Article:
Skirt The Issue - Nothing Suits Me

The Lazy, Lumpy approach to swimwear readiness.

By Kristen De Deyn Kirk

May 1 was the big day, and I do mean the Big Day—the day I was going shopping for a bathing suit with my overweight and underexercised body. May Day quickly became “MAYDAY!, MAYDAY!, MAYDAY!” “Send in back-up. I’m in danger. Rescue me from these racks of ‘suits’ that’ll never suit me.”

Most people understand—that skimpy piece of material never covers enough, and no matter how many miles you’ve run, or carbs you’ve rejected, you end up wishing you had pounded way more pavement and way less dough.

This year was going to be different. I wasn’t too far from my doctor’s recommended weight (just 12 pounds to shed). My ego-recommended weight was 20 pounds less than the wise doc’s, but three weeks before MAYDAY, I set aside that number. Focus on the doable, I told myself. Twelve pounds was nothing to take off in three weeks. Even I, a terrible dieter and a terrific eater, could do that. On several occasions, I’ve lost 10 pounds in three weeks, and I once lost 13 pounds in that amount of time. (Hey, I even went on to lose 12 more!)

All I had to do was replicate my past successes for a week each. Step one was easy: Look up the Cabbage Soup Diet, a fad diet that had once caused my stomach to twist and destroy like a tornado, and painfully wipe out 10 pounds. I bought all the ingredients in duplicate, as I planned to make one batch for me at home and one at a vacation home in the Outer Banks during a three-day getaway. How dedicated was I?!

At home, the soup, (which, I’ll warn you, looks nothing like the picture you’ll see online), was better than I remembered. I added the suggested spicy tomato juice and looked forward to eating it meal after meal for two days. The diet allows you to add in other foods, too. Something healthy every day. I quickly lost two pounds and then carted off my ingredients to the Outer Banks.

That’s when I stumbled. I allowed the beach to call me away from the kitchen, where I should have been making my soup. The scale was kind when I returned home—one pound down. However, so was my motivation. I thought about making another pot of cabbage soup to finish off my first seven days strong and then never progressed from the thinking to the doing.

This weak mind over widening midsection battle continued for the next two weeks. I was supposed to follow a ridiculous How-To-Make-Yourself Faint Diet next: eat two vegetables, two pieces of fruit and seven ounces of lean protein and one extra-fiber cracker or piece of bread a day.

Wait, I forgot. You are allowed one more thing: Water.

If you pay hundreds of dollars a month, you can be supervised by a “medical staff” to follow this diet. (Note the quotes. I was never sure the “doctor” I saw once for four minutes was an M.D.) You also get potassium pills and vitamin B shots. And dizzy.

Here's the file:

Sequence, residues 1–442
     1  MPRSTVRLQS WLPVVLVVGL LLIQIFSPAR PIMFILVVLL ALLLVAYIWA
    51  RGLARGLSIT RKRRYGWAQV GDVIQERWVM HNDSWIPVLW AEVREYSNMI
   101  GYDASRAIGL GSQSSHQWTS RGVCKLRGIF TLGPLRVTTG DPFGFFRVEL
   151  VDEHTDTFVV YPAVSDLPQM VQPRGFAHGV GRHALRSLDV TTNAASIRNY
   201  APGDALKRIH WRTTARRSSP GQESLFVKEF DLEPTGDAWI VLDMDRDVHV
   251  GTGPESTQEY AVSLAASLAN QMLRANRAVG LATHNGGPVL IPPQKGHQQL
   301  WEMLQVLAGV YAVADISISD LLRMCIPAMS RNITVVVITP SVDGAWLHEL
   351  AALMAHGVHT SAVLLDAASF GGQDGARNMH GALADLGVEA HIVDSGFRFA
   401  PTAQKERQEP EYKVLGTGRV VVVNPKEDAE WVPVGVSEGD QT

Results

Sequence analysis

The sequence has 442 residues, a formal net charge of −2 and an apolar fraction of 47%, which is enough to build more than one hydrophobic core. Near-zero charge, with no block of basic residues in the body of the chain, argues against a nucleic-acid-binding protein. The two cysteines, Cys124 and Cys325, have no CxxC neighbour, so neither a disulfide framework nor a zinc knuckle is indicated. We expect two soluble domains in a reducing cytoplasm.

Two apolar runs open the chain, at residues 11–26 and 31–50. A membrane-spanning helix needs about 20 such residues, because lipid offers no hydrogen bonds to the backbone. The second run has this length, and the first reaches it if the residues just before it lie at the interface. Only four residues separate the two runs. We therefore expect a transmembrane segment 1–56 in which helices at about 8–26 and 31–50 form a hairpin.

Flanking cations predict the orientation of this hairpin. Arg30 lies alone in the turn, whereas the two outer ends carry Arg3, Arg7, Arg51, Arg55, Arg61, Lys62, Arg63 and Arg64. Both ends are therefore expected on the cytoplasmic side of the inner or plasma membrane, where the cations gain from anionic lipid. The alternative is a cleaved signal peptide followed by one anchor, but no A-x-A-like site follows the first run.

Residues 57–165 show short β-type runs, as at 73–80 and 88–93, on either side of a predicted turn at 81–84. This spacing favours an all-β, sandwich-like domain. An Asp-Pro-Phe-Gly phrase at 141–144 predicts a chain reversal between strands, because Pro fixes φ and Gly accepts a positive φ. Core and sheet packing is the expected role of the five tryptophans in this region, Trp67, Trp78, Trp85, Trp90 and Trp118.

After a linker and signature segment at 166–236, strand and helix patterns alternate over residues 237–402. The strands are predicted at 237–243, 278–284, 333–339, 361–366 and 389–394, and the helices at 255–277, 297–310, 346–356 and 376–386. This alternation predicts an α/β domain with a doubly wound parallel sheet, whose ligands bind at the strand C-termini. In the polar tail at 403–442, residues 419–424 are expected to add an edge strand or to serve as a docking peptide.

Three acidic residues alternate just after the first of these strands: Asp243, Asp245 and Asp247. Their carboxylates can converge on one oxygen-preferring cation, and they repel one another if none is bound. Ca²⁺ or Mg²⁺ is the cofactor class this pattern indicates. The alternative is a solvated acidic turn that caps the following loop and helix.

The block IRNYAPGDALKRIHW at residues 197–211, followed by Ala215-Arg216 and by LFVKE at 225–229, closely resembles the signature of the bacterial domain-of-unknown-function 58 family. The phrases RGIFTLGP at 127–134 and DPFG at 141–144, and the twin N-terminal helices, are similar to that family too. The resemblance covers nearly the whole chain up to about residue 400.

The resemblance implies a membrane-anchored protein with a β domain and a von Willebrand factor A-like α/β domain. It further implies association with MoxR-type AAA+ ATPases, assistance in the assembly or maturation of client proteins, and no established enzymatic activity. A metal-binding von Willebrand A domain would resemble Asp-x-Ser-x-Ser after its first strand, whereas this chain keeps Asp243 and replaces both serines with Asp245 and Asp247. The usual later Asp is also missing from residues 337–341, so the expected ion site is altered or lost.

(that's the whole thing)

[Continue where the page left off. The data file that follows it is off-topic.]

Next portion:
This was the plan that helped me shed 25 pounds a few years ago. I remembered that fact well, but not the part about how miserable and mean I got while following it. This time, I could only stay on the diet for a day.

Next up, a reasonable plan—Weight Watchers. Although I hear they’ve tweaked the approach recently, I’ve followed it enough times to know the basics. Stick with it, and the weight comes off— about as quickly as we got Osama bin Laden. I didn’t have 10 years. I didn’t even have 10 weeks.

So what did I do? Resolved every morning to limit my calories. Then, around 3 p.m., I’d tell myself that tomorrow I would be “really good” to make up for the chips, Skittles or cake I was about to eat.

Repeat, repeat, repeat—until MAYDAY when I stepped on the scale and the number was exactly the same ... down to the tenth. I stepped on again, figuring it would drop as it often does. Instead, it shot up to the next whole number.

Two thoughts entered my mind: “Gross.” And: “I want Arby’s.”

I told my husband I was heading off for my swimsuit shopping trip. Target would be overwhelming if I didn’t first stop for a beef and cheddar, I told myself. So I gobbled one up and regained a bit of self-respect.

How is that possible? Well, I only ate one curly fry from my combo order. That is like the Pope saying only one prayer when he’s carrying a rosary. My improving self-esteem propelled me past the bikinis at Target and onto the tankinis, a wise recommendation by the hubby before I left home. A long, separate top could cover my tummy without clinging, and miracles of miracles, Target, where I always like the stock until I actually try it on my body, had a complementary style. It was black with a 1950s look—thick straps, a bit of a sweetheart neckline and concealing bunches of fabric. I kept my eyes up and centered on the top, instead of down and lingering on my cottage cheese legs.

It’s the lumps that’ll kill you, and they were my downfall when I headed to Megs Swimwear in Virginia Beach. I’ve long admired its selection and helpful staff and had such high hopes for finding another suit there. I pulled dozens of options in fun colors and styles, brushed my hair and reapplied lipstick to feel my best, and then I looked—not at my legs, but another woman’s. She was younger, cuter and fitter than me, and she had cellulite. I could see it, and that meant everyone could see mine, too. Popping into my head again was that word: “Gross!”

I couldn’t get past the sight of my legs at Megs. Lucky for me, though, my highly critical 11-year-old daughter and gentler-although-always-honest husband could when I modeled my one purchase at home: “I like it,” said the daughter. “It’s cute,” said the husband. “I’ve been cursed with no dedication,” said me, “yet blessed with a partially blind family.”

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